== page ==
A career spent being curious about Vancouver Chuck Davis catalogues every tidbit of city history By Dan Rowe Vancouver Sun February 20, 2010
The cliches of the television coverage of any Olympics are, by now, obvious to most viewers: the profiles introducing us to hitherto-anonymous athletes, the elaborate sets and hyperbolic announcers, the timpani-heavy martial theme music (replaced this year, by CTV at least, by a cloying soft-pop tune) and, finally, the vignettes designed to expose couch-bound viewers to the host city's history and culture.
For the most part, the CTVRogers consortium hasn't seen the need to air these localcolour segments. NBC, however, has attempted to convey some of Vancouver's essence to its U.S. audience.
During the opening ceremony, Matt Lauer was heard intoning over an aerial shot of the city's downtown that Vancouver is known as the "city of glass."
About a year ago, a Sports Emmy Award-winning team of NBC producers, including Joe Gesue, editorial director for NBC Sports and Olympics, came to Vancouver to start working on stories about the city.
"When we first began to put together story ideas about the host city, my colleagues Mark Levy, Brian Brown and I visited Vancouver on a scouting trip," Gesue told me in an e-mail.
"We pretty quickly learned that one man we absolutely needed to see was Mr. [Chuck] Davis, who was kind enough to spend time with us and generously share his vast knowledge of the city and surrounding area.
"He helped kick-start our efforts to add context and local flavour to our broadcasts."
Since the mid-1970s, Chuck Davis has been gathering the history of Vancouver, piece by piece.
You can see evidence of his approach on his website, Vancouverhistory.ca.The home page is a portal to a variety of projects and more than 2,000 pages of information, including a valuable list of the best books with connections to Vancouver.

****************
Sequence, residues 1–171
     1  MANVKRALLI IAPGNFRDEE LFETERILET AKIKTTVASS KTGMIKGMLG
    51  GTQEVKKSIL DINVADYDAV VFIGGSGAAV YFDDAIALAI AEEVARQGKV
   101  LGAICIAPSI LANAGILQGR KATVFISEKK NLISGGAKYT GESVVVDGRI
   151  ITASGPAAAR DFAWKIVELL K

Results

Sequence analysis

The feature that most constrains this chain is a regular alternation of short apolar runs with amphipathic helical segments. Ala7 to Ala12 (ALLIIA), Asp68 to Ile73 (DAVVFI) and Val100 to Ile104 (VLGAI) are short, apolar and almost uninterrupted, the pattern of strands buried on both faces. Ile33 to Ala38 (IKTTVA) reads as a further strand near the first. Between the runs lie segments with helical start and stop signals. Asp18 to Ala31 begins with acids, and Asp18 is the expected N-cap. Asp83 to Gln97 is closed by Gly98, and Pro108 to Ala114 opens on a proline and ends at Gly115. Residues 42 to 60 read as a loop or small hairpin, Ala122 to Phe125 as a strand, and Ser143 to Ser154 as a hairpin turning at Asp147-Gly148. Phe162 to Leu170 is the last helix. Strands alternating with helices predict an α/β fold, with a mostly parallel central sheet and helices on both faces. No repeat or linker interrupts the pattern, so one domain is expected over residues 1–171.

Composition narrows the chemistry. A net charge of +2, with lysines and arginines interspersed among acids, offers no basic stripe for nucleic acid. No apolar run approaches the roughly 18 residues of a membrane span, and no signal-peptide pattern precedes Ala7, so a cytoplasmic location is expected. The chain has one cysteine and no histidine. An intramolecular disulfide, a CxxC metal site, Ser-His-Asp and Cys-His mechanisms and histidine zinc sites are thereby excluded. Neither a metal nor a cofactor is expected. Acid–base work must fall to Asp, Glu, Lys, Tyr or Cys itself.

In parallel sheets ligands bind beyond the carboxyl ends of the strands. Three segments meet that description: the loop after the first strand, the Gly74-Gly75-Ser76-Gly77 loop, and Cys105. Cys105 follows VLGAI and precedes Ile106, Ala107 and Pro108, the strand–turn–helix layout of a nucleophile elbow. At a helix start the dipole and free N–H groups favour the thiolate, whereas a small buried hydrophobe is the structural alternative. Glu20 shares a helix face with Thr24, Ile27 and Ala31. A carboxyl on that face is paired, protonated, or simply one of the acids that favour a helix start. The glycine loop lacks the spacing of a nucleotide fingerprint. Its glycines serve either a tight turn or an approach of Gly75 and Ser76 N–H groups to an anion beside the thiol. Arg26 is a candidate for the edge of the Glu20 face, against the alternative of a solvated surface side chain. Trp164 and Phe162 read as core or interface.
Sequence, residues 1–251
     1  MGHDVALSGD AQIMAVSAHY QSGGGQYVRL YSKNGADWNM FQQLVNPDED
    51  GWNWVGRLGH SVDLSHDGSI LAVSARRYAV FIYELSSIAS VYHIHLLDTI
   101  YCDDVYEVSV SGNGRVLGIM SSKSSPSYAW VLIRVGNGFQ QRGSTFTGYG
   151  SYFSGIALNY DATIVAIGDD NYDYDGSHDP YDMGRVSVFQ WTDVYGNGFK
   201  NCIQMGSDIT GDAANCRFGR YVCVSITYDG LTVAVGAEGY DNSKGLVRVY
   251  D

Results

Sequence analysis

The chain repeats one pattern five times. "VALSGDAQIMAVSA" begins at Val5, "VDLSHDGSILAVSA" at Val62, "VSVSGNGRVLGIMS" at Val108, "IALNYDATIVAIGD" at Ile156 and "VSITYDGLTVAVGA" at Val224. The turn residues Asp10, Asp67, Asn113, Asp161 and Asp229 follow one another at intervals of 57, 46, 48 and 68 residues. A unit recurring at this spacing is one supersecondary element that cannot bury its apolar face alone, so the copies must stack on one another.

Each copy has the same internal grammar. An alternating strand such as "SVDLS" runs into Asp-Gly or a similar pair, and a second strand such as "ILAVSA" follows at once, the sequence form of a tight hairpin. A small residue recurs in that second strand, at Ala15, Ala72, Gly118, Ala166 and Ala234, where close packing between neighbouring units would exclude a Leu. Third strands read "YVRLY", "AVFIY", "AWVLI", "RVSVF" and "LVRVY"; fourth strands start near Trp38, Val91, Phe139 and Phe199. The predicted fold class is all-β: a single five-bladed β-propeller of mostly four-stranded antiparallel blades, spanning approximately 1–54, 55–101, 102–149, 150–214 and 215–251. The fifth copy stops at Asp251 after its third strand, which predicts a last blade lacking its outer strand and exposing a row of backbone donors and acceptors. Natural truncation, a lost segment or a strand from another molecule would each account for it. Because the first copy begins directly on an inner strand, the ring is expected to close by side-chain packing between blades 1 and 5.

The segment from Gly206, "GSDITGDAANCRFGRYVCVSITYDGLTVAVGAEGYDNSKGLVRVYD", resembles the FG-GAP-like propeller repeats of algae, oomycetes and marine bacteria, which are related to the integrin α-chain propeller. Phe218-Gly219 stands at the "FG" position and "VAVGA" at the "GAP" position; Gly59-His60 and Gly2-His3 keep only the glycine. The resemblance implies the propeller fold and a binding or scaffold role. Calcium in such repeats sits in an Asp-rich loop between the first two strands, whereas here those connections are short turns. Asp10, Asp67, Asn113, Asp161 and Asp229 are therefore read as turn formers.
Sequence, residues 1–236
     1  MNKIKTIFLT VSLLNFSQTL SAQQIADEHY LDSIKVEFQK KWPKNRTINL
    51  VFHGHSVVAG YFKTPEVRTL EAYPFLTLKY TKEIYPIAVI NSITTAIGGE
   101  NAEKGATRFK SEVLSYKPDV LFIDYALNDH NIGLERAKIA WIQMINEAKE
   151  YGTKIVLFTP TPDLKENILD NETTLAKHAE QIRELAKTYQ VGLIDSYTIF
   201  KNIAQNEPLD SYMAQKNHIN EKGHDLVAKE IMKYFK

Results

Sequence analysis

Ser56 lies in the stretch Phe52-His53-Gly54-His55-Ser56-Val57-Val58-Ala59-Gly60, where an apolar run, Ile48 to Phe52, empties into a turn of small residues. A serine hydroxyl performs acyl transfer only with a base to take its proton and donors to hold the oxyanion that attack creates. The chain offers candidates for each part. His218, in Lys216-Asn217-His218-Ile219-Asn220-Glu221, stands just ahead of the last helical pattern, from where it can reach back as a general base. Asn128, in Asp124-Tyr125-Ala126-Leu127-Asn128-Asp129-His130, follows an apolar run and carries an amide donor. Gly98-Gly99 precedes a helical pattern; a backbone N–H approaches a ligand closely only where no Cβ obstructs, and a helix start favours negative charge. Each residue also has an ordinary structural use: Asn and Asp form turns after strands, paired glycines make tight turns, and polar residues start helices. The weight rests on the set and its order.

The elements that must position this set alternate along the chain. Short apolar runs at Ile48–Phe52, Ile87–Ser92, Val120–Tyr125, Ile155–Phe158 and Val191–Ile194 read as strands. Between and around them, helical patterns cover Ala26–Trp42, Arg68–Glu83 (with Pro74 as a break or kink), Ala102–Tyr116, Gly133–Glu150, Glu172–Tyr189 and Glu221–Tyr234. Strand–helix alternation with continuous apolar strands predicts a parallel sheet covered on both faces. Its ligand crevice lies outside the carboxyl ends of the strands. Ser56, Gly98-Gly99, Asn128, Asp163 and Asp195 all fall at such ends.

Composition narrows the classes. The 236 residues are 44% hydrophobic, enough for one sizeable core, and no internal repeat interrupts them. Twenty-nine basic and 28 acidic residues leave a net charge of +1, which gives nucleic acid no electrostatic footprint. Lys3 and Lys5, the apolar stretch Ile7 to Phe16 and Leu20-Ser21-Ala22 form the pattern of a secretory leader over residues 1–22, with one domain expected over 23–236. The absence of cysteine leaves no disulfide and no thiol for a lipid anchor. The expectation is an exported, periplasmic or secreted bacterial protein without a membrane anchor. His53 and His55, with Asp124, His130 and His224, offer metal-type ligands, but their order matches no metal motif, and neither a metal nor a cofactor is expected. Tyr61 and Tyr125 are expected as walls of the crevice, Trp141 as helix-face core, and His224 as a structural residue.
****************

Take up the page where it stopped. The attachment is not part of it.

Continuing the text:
The list can be found under "Vancouver Books" on the lefthand side of the home page. Compiled with the assistance of Karen Cannon of the Friends of the Vancouver Public Library, it lists everything from the City of Vancouver's 1886 voters' list to more recent works of poetry ( e. g., Kingsway, by Michael Turner) and fiction ( e. g., The Man Game, by Lee Henderson).
"I'm a tidbit man," Davis admits. "What I'm good at is, 'You see that building over there? That was built in 1912 by So-and-So.'
"If you want to know about the effect of Asian immigration on Vancouver and what it does to the local psyche, I'm not your guy.
"I can tell you when they came, and how many came, and why their restaurants are so good."
Ironically for one who can recall so many snippets of information about Vancouver, Davis can't remember much from his meeting with Gesue and his NBC colleagues. He did, though, give them a copy of Greater Vancouver, one of the 16 books he has written.
Davis, 74, is a slice of Vancouver life in his own right. Like so many others who live in Vancouver (and so many others who chronicle its history), he wasn't born in Vancouver. He moved to the West Coast from Winnipeg in 1944 with his father. (His parents were divorced.)
"My father had been running a small confectionery in Winnipeg and the cold winters were getting to him, so he packed up everything and me," Davis recalls.
"Someone told him there were lots of stores vacant in Vancouver: 'You can find one easily.' And we got out here and there weren't any."
He and his father spent their early days in the area living in a squatter's shack in Burnaby, across the water from the Dollarton shack where Malcolm Lowry was working on his classic novel, Under The Volcano, at roughly the same time.
Here's Davis on his first memories of Vancouver: "When we left Winnipeg, there was snow that had been heaped up by the plows higher than the height of the train.
"By the time we got to Vancouver, there were flowers growing outside of the train station.
"I remember saying to my dad, 'I think we've come to the right place'."
He dropped out of school after Grade 8 and, four years later, moved to Toronto, where he worked at more than 20 jobs before he was able to join the Canadian Army at 17.
Eventually, Davis, who still has a smooth, soothing voice made for FM radio, began working as an announcer at an armed forces radio station in Germany.